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CBS recently created a firestorm when it released documents questioning George Bush?s service in the Texas Air National Guard. The documents were said to be authored by squadron commander Lt. Col. Jerry B. Killian;:One of them claimed that Bush ignored orders from a superior to take a medical exam; another said that Killian?s superior pressured him to give Bush good ratings due to Bush?s status as the son of a Congressman. Soon after these documents were released, questions were raised as to their authenticity. Republicans immediately claimed that the document had features that only a word processor could make, despite the fact that there existed an IBM typewriter at the time that had these features. Legitimate doubt was cast upon the documents when Killian?s secretary claimed that she didn?t type the documents; she said that the information in them was correct and accurately reflected real documents written by Killian at the time. She suggested that someone who had seen these other documents had tried to recreate them. Still, all of the debate over the documents has obstructed the true nature of Bush?s National Guard service.
Looking over all available evidence from the period, it becomes crystal clear that Bush received special treatment, and it suggests that Bush did not fulfill his duties in the Guard. In 1990, George W. Bush said that ?I was not prepared to shoot my eardrum out with a shotgun in order to get a deferment. Nor was I willing to go to Canada. So I chose to better myself by learning how to fly airplanes.? Many others at the time also wanted to get into the Guard to avoid duty in Vietnam, and there were very long waiting lists, but luckily for Bush, his father was an influential Congressman. Ben Barnes, who was the Speaker of the Texas House at the time and later became the state?s lieutenant governor, recommended Bush for the Guard at the behest of a Bush family friend. So, in 1968, Bush enlisted for a six-year tour.
In early 1972, Bush decided to go to Alabama to work on a Senate campaign of a family friend. After leaving for Alabama in mid-May, on May 24 he sought permission to transfer there. On May 31, he was denied his transfer request, as a transfer would have been inappropriate given his $1 million training. In July, he missed his annual flight physical, which was notably the first in which drugs were being tested for. In September, Bush had his pilot status suspended, and in the next April his commanding officers in Texas wrote that Bush had ?not been observed at this unit? during the previous year. Five months after Bush had been in Alabama, his Texas commanders finally gave him written permission to transfer, but none of the 20??25 members of Bush?s Alabama unit can recall serving with him, and according to Bob Mintz, another man in the unit, ?[i]t would be impossible to be unseen in a unit of that size.? Finally, in late 1973, Bush received permission to end his duty six months early.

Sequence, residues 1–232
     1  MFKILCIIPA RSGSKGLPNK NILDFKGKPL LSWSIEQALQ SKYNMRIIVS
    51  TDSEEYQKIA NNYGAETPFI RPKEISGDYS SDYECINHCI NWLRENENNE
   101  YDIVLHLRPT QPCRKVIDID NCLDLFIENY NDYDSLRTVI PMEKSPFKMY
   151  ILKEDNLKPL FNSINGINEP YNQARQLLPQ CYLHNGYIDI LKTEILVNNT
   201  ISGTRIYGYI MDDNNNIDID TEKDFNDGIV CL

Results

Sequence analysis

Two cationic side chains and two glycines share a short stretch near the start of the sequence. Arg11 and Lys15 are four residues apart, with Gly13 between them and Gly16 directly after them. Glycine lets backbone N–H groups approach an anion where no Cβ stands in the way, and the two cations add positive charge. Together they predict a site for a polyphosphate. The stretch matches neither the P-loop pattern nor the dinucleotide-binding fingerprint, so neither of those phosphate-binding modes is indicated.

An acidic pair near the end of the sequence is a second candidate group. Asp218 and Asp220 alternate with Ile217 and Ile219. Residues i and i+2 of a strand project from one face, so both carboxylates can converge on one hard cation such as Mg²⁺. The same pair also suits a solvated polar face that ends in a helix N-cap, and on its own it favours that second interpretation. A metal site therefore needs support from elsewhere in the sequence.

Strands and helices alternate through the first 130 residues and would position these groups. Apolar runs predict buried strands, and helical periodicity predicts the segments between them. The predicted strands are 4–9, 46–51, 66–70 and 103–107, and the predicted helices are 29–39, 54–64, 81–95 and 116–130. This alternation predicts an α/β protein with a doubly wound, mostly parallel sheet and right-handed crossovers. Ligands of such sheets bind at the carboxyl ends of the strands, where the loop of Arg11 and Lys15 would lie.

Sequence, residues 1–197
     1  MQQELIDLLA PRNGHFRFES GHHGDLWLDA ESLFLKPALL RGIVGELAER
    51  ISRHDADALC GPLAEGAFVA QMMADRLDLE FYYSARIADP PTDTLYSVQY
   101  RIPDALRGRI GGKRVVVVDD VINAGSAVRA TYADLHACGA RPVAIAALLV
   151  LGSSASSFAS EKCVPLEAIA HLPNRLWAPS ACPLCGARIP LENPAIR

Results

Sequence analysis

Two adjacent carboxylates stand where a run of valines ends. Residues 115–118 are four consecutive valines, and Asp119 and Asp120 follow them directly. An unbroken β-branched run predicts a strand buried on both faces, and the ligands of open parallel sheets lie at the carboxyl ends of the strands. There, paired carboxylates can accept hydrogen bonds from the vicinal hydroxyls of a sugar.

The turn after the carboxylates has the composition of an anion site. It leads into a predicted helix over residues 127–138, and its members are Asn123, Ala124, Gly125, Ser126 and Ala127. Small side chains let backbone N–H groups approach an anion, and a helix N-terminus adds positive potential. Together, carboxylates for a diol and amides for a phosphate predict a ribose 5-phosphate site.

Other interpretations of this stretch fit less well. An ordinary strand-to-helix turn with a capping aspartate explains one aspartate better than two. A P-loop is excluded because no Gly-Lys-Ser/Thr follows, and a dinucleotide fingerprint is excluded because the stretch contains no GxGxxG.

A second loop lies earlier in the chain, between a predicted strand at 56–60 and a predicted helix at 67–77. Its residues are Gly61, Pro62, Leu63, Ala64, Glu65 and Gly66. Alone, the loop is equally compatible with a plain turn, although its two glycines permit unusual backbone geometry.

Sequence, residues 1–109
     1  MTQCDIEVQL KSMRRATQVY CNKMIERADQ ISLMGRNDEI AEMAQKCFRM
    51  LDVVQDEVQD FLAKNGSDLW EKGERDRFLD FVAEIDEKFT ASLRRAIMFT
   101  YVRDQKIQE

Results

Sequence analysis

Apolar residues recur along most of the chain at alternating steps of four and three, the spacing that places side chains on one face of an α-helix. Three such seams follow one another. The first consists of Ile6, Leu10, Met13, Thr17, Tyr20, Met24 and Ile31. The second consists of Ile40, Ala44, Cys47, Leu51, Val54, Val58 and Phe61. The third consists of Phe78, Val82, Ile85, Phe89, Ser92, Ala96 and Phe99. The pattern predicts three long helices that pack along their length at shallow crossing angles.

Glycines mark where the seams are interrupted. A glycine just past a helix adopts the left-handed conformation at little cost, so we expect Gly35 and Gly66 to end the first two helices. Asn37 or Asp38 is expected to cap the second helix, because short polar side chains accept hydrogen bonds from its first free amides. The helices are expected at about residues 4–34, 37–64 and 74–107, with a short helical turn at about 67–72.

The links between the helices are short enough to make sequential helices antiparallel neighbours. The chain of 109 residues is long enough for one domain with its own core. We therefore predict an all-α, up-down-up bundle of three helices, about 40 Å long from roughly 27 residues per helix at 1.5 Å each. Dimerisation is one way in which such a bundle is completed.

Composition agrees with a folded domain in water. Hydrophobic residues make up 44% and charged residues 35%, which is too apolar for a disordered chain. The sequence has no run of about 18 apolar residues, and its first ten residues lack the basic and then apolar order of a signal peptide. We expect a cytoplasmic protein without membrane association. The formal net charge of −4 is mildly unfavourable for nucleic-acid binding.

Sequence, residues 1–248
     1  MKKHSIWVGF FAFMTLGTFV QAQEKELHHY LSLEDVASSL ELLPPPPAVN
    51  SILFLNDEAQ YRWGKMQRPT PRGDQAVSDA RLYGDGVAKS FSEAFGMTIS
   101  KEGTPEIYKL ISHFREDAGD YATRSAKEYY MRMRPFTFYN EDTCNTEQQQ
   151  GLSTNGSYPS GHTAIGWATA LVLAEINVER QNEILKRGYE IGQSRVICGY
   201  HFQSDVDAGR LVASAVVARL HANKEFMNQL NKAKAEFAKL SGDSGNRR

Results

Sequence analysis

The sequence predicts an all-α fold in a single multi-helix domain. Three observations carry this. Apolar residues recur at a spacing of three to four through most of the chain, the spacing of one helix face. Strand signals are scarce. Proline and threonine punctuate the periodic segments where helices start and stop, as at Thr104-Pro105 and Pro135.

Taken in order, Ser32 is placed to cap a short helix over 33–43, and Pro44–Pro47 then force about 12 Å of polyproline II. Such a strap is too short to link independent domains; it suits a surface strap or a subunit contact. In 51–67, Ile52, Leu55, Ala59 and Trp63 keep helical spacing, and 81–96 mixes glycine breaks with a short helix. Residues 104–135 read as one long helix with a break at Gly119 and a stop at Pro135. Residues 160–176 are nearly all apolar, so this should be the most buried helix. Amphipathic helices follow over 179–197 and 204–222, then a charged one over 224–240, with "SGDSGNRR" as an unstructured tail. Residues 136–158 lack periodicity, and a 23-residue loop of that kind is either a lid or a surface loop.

Recently released documents do in fact show that Bush showed up for a dental exam and for a small number of hours here and there, mostly spent reading flight manuals. Yet there is a six-month gap in which there is no evidence that he was there. Documents that would explain his absence are missing, and Bill Burkett, a former lieutenant colonel in the Guard, has said that ?[a]s the State Plans Officer for the Texas National Guard, I was on full-time duty at Camp Mabry when Dan Bartlett was cleansing the George W. Bush file prior to G.W.?s presidential announcement.?
Despite the evidence suggesting that Bush was absent without leave for some time in Alabama, that hasn?t stopped him from attacking other veterans. In a debate in the 2000 primary campaign, John McCain chastised Bush for having an event with a spokesman of a ?fringe veteran?s group? that criticized McCain?s commitment to the troops, telling Bush, ?Now I don?t know if you can understand this, George, but that really hurts.... That really hurts.? Four years later, friends of Bush are funding a group that has run ads with well-documented lies and distortions about decorated veteran John Kerry?s military record. And four years later, we have seen Bush?s lack of commitment to the troops after he failed to equip them with body armor for the war with Iraq, and sent them into harm?s way in a war with a country that posed no immediate threat to us. It appears that George W. Bush failed to fulfill his duty in the National Guard, and also needlessly squandered the lives of over 1000 U.S. troops; for that, he deserves to be dishonorably discharged from the Presidency.